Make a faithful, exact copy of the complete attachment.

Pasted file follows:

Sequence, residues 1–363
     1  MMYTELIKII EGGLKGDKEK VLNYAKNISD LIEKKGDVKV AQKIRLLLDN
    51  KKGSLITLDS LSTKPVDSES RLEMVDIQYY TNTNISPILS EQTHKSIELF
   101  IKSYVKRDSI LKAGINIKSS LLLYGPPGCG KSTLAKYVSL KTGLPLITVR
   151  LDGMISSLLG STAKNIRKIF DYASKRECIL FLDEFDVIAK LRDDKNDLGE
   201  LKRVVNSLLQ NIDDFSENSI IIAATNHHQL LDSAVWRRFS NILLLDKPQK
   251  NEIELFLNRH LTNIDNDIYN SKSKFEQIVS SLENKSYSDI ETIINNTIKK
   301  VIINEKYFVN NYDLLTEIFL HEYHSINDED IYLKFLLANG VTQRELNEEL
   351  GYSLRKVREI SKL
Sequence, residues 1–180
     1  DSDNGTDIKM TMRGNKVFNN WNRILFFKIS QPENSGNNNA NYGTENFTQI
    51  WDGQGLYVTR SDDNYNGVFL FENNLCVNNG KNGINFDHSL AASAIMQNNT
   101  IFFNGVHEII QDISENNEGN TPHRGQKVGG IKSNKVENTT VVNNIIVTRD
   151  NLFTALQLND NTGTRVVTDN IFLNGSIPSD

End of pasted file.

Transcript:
Sequence, residues 1–363
     1  MMYTELIKII EGGLKGDKEK VLNYAKNISD LIEKKGDVKV AQKIRLLLDN
    51  KKGSLITLDS LSTKPVDSES RLEMVDIQYY TNTNISPILS EQTHKSIELF
   101  IKSYVKRDSI LKAGINIKSS LLLYGPPGCG KSTLAKYVSL KTGLPLITVR
   151  LDGMISSLLG STAKNIRKIF DYASKRECIL FLDEFDVIAK LRDDKNDLGE
   201  LKRVVNSLLQ NIDDFSENSI IIAATNHHQL LDSAVWRRFS NILLLDKPQK
   251  NEIELFLNRH LTNIDNDIYN SKSKFEQIVS SLENKSYSDI ETIINNTIKK
   301  VIINEKYFVN NYDLLTEIFL HEYHSINDED IYLKFLLANG VTQRELNEEL
   351  GYSLRKVREI SKL
Sequence, residues 1–180
     1  DSDNGTDIKM TMRGNKVFNN WNRILFFKIS QPENSGNNNA NYGTENFTQI
    51  WDGQGLYVTR SDDNYNGVFL FENNLCVNNG KNGINFDHSL AASAIMQNNT
   101  IFFNGVHEII QDISENNEGN TPHRGQKVGG IKSNKVENTT VVNNIIVTRD
   151  NLFTALQLND NTGTRVVTDN IFLNGSIPSD